But Jesus replied, “Do not fear; only believe, and she will be well.” (Luke 8:50) When they arrived at his house, the scene was chaotic to say the least. A little girl had just died. But Jesus sent everyone out of the house except for Peter, John, James, and Jairus and his wife. Jesus took her by the hand as if he were gently waking her up in the morning. And then he spoke: “Child, arise.”

Before Christ spoke to her, there had been laughing. But it was the laughing of the mourners at the thought that Jesus would awaken her from death like a little girl is awakened from a drowsy Sunday afternoon nap. Now the laughing came from her room as her father and mother and undoubtedly Peter and James and John rejoiced in what Jesus had done–with his voice. Jesus has the voice that raises the dead.

The third time that Jesus’s voice raised the dead, he is standing outside of Lazarus’s tomb. His sisters are standing next to him, with tear-stained cheeks and quivers in their voices: does the stone really need to be rolled away? Doesn’t the Lord know that there will be the stench of death coming out of that tomb? But every time Jesus goes toe-to-toe with death, he wins. Lazarus will soon be washing off the smell of death with his own two hands to put on clean clothes and eat a feast with his loved ones and his Savior.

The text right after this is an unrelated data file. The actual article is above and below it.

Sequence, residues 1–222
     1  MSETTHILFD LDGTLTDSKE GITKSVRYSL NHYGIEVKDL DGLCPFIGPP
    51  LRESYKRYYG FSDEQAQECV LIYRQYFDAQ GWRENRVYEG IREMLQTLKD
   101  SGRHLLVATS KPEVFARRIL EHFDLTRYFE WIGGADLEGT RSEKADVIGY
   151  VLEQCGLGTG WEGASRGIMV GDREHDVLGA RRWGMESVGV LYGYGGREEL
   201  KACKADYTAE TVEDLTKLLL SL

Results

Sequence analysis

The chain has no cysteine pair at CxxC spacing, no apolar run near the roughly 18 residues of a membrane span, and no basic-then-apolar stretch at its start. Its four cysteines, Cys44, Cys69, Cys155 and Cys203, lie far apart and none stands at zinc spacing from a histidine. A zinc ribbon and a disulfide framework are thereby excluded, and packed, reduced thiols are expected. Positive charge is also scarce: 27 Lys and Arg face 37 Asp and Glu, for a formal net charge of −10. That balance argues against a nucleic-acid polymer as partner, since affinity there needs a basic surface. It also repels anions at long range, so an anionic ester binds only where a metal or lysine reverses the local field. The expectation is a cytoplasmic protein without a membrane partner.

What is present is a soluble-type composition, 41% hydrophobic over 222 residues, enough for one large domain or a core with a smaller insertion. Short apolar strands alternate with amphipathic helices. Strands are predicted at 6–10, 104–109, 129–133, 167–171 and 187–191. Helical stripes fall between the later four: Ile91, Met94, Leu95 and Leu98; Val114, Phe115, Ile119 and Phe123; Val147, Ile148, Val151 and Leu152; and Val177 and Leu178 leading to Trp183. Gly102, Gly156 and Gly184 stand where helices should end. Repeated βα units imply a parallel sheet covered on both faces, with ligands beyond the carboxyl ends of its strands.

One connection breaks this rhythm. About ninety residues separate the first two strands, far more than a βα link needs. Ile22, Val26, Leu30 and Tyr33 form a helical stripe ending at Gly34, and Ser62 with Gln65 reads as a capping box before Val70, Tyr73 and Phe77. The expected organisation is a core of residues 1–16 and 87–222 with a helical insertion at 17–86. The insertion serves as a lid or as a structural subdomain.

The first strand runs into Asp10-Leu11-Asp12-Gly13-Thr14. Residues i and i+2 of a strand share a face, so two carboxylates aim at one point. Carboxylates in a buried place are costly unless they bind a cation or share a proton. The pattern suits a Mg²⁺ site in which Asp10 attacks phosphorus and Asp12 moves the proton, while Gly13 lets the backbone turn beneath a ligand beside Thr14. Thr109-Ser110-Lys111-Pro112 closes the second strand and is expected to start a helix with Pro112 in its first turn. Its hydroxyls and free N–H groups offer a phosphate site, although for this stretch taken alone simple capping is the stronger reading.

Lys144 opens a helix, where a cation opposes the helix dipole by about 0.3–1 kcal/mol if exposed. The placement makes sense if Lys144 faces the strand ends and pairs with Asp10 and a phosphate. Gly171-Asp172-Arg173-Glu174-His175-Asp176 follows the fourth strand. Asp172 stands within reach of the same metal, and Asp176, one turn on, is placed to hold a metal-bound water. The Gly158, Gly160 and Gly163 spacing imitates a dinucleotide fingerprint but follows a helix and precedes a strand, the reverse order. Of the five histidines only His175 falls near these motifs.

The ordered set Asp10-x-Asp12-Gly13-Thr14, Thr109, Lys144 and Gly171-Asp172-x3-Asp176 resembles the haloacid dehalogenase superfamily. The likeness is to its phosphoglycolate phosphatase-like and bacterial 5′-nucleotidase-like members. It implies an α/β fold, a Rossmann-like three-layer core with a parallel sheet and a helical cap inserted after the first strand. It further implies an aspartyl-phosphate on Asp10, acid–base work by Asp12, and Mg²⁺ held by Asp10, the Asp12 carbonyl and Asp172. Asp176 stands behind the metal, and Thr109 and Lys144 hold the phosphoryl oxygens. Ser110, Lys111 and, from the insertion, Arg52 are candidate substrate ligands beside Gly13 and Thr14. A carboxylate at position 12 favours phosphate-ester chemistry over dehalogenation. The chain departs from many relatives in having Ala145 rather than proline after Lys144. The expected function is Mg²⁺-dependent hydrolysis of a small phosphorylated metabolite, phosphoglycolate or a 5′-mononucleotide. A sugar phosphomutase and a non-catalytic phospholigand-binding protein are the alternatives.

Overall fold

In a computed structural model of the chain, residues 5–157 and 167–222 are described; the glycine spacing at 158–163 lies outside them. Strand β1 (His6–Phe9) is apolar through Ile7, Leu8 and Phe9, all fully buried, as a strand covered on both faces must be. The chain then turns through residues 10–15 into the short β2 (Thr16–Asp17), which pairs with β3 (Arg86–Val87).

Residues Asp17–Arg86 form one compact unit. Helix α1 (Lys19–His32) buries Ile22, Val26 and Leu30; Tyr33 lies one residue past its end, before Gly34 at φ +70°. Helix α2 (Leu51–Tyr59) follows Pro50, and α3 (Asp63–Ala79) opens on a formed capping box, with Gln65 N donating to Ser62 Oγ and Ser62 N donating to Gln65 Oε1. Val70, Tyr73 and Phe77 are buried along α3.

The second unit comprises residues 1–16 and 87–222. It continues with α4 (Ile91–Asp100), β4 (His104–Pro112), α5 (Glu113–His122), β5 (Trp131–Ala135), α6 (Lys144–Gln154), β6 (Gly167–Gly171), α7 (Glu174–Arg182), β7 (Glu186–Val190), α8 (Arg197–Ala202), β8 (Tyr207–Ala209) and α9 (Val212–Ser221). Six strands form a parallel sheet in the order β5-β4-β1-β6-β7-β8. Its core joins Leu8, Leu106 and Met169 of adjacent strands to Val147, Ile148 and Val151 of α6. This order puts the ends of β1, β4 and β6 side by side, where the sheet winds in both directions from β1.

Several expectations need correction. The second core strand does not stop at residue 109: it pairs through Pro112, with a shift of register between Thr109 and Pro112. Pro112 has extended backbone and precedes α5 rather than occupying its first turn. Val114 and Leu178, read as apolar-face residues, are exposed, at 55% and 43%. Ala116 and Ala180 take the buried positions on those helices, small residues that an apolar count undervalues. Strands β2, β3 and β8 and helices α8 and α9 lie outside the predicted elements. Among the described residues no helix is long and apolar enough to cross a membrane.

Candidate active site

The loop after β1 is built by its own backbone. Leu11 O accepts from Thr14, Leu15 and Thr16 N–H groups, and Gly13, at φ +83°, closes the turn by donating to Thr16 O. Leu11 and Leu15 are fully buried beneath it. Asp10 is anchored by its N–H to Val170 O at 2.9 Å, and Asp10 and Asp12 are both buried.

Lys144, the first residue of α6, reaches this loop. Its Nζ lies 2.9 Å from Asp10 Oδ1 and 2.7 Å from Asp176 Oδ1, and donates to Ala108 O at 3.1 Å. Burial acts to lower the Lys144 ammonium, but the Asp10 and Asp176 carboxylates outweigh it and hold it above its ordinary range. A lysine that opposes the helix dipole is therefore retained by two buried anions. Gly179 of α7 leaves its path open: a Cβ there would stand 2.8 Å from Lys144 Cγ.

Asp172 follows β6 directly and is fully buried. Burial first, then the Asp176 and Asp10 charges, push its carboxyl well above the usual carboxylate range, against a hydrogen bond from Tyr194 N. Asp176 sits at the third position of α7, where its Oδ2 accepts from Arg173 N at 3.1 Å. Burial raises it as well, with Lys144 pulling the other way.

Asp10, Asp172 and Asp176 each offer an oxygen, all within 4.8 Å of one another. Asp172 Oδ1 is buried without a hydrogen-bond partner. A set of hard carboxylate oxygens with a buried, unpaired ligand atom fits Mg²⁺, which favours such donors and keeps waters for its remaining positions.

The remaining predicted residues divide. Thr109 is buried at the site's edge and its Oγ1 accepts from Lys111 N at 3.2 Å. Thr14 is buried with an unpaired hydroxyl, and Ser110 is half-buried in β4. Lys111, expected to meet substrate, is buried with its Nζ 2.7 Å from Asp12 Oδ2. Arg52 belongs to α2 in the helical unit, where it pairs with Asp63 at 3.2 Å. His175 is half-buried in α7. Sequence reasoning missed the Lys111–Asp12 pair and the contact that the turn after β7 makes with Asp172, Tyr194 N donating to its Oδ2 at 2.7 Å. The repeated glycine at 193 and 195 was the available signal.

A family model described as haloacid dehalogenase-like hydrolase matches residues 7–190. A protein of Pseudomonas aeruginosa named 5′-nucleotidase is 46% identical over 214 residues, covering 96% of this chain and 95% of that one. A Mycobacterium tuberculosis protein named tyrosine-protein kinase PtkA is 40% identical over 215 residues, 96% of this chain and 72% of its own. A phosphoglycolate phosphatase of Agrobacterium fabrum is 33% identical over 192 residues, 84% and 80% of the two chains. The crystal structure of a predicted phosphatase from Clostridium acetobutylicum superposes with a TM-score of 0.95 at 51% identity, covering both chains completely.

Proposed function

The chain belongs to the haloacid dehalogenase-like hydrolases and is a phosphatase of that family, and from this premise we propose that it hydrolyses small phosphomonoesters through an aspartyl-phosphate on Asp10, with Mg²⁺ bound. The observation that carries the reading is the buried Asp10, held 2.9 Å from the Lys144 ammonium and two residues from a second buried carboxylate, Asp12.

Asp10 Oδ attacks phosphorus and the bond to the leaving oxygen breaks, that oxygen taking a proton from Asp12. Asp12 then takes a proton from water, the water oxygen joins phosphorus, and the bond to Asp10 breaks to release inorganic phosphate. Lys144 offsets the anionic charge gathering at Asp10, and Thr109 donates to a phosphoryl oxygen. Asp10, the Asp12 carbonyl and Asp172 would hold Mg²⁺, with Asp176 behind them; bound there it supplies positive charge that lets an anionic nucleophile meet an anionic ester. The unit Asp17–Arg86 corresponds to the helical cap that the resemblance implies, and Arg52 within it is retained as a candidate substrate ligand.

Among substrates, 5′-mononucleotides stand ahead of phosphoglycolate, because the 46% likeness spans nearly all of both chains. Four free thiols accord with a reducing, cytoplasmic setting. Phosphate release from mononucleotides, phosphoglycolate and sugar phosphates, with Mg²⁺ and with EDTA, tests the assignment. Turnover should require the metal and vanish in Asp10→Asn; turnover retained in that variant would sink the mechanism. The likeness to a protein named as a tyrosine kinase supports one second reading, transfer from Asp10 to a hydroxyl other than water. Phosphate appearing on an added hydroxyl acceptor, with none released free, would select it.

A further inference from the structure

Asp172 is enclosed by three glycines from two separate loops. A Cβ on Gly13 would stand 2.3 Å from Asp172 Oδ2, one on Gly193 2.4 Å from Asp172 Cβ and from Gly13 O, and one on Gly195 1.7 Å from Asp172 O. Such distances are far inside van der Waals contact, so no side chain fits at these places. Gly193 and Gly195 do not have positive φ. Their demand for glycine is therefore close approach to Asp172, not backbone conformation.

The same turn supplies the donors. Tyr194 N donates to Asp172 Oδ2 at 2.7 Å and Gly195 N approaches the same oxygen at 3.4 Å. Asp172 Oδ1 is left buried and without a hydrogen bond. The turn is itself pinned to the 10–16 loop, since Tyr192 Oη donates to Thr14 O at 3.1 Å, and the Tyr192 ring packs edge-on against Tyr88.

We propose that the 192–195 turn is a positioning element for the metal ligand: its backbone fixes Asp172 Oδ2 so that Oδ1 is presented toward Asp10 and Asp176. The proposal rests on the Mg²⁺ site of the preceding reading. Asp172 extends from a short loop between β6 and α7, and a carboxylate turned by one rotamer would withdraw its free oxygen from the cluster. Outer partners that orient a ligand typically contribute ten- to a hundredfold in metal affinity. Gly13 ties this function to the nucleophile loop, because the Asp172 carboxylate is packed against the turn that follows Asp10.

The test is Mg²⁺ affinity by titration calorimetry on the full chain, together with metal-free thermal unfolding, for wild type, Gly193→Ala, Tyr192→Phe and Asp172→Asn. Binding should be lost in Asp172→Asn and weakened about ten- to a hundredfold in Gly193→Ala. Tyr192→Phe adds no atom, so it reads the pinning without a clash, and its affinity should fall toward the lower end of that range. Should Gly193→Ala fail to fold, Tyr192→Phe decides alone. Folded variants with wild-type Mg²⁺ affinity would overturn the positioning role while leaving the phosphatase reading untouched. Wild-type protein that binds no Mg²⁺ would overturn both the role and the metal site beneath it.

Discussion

I used to think that it was just something that preachers said to have us feel emotion when they claimed that if Jesus had not said, “Lazarus” when he cried, “Lazarus, come out,” (John 11:43) that everyone would have come out of their graves. But I now see that this is nothing other than gospel truth: this is Jesus’s voice. And Jesus has the voice that raises the dead.

The fourth time that Jesus’s voice raises the dead is easy to miss. When Jesus gives up his spirit, right before he dies, he cries out with a loud voice, “It is finished!” (Matthew 27:50, see also John 19:30). We are well acquainted with what happens in the next verse in Matthew: the curtain of the temple is torn in two, and the earth shakes and the rocks split. But two verses after we read of Jesus crying out that his saving work is done, people are raised from the dead. The voice of the creator in human flesh declared that His atoning work for our sin was done, and some who were believers rose from the dead. 

They are raised to life at the voice of Jesus announcing his triumph over the penalty of sin. But they don’t come into Jerusalem and appear to many until after Jesus himself has risen from the dead (Matthew 27:53).  It’s as if they are deferring to the One whose voice raised them from the dead.

The fifth time Jesus’s voice raises the dead has yet to happen. It is the day Christ himself promises will come. Jesus tells those listening to him in John 5 to not be amazed that the Father has given him the authority to judge. For an even greater act of power will be shown on that great day of judgment: “Do not marvel at this, for an hour is coming when all who are in the tombs will hear his voice and come out, those who have done good to the resurrection of life, and those who have done evil to the resurrection of judgment.” (John 5:28-29)

Which resurrection will you be part of? There is a day that you will hear Jesus’s voice telling you to get up. Like to the young man and to the little girl, he will tell you to arise as if you are simply waking up from a long nap. If you are trusting in Jesus for the forgiveness of your sins and eternal life, at the moment that your soul is joined to your resurrection body, a miracle will happen for you much like the young man, the little girl, Lazarus, and the saints in Jerusalem who were raised.